excerpt: "No Soup for You"

I love the day date... No wine, no shower...
Depending on your definition of date, me and Emma had one date. It was about two months into my contract and we went out to lunch together. It was a simple walk to the sandwich shop and we sat at one of the circular tables in the corner.
She talked about her love for news and how she really loved working for CNN and I could tell this was her career. I pretended to care about the midterm elections, not so much in terms of politics, but for the excitement of real change in Washington. In truth, I cared more about the Oscar vote than the congressional midterms. But in the moment, seeing her face light up as she asked me about the New Jersey seventh, I found myself fairly engaged.
As for the date aspect, nothing went well. I offered to pay, she didn’t accept. She walked faster than I, so I didn’t open the doors. And at no time did I feel like she saw me as anything more than a work friend. And more than anything else that was what was frustrating. I wouldn’t go out to lunch with her if I wasn’t interested. I don’t need any more friends. And I don’t think she saw the lunch date as anything more than friendship. That’s how different our minds were.
I thought about kissing her, but there was never that conversational pause where I could slip one past the goalie. Instead we talked about the upcoming elections and then a little football. But nothing that seemed substantial, nothing that felt like a couple. So while it was nice to have a one-on-one date that didn’t feel like a date. It was terrible to have a date that wasn’t a date.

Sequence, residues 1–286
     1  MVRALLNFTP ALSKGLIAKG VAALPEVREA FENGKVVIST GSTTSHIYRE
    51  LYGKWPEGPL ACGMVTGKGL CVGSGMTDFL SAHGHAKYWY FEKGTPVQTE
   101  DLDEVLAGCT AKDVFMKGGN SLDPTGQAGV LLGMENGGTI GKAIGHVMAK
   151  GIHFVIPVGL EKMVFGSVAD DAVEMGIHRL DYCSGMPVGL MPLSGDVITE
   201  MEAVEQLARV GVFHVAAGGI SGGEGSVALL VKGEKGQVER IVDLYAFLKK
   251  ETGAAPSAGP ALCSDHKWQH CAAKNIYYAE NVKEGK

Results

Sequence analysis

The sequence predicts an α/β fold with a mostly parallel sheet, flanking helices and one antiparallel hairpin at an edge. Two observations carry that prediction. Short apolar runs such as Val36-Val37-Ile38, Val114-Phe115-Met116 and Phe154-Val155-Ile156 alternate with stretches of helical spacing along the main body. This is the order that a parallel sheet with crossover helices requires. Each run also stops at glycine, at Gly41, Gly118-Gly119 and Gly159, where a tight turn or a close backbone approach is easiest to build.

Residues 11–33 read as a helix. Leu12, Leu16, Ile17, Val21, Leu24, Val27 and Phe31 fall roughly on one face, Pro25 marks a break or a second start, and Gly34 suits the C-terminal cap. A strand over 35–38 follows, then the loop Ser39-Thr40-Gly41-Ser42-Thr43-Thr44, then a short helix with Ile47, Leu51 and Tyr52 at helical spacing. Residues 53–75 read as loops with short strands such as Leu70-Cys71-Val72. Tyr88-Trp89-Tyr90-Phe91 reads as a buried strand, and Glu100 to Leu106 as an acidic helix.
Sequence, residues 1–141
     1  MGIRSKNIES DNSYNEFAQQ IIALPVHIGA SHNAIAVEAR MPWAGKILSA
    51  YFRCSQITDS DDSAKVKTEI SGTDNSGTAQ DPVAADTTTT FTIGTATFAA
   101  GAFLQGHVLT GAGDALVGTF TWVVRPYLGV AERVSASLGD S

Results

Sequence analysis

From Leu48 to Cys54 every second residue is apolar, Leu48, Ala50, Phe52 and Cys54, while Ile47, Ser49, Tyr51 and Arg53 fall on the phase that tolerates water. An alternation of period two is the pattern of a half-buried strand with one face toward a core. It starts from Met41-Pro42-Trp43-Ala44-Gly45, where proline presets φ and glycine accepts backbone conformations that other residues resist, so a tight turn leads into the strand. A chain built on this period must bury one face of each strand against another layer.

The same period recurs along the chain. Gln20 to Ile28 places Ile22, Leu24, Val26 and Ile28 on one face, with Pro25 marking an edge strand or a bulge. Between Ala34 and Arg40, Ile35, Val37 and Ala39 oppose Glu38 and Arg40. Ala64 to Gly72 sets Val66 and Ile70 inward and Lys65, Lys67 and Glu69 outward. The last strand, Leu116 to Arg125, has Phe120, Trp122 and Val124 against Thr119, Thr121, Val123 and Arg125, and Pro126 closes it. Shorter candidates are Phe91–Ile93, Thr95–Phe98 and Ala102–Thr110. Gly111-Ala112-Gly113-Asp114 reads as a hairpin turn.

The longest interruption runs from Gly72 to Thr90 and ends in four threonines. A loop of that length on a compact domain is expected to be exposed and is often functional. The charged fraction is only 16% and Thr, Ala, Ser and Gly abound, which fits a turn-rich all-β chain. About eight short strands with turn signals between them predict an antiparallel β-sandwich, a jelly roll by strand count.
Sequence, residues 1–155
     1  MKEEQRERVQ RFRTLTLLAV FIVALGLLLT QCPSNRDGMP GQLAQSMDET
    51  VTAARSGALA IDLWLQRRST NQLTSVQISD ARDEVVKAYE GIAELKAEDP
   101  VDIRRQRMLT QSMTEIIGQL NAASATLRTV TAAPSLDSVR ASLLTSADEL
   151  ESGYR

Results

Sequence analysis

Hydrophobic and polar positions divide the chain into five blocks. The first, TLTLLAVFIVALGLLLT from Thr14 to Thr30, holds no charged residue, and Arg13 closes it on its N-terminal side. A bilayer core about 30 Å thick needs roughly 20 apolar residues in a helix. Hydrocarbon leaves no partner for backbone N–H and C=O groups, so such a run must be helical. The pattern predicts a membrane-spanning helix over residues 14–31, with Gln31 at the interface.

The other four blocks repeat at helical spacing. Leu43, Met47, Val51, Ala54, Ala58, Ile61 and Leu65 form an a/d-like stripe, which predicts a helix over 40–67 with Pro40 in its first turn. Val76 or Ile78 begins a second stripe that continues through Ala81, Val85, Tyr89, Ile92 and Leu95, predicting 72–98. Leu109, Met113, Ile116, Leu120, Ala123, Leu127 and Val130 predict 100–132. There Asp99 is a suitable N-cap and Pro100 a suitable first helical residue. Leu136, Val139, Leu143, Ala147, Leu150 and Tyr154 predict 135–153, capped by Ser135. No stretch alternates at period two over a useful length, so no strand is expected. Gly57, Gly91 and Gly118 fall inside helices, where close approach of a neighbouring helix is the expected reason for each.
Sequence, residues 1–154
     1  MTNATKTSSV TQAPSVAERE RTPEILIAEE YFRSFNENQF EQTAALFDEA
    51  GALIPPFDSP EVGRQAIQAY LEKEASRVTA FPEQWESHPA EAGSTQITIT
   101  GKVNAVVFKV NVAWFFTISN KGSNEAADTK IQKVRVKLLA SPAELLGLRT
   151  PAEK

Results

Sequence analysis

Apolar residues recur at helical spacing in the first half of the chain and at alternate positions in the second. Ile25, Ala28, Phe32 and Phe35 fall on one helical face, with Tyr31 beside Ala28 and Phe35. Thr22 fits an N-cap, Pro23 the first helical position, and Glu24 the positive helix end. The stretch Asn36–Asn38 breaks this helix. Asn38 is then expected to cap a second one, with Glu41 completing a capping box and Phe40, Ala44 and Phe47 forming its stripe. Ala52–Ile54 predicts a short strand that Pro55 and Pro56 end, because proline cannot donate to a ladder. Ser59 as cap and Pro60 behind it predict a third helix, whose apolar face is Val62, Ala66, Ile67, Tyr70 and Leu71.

Thursday, October 29, 2009


so... has anyone given any thought to spring semester? i was just curious who was interested in taking what. its sort of hard to believe it's that time already. i'm just starting to get settled into the semester. i guess that's how school goes, though. as soon as you get comfortable, things start changing again.

Sunday, October 25, 2009

Bennett's Curse

We had a great time at Bennett's Curse last night—mostly the conversation before and after, though, because the haunted house was kind of lame in terms of scariness. But there were some cool setups/props.

After the haunted house, we went to DuClaw's (brewery/bar) to talk for a while, drink a little, and eat. It was a good time.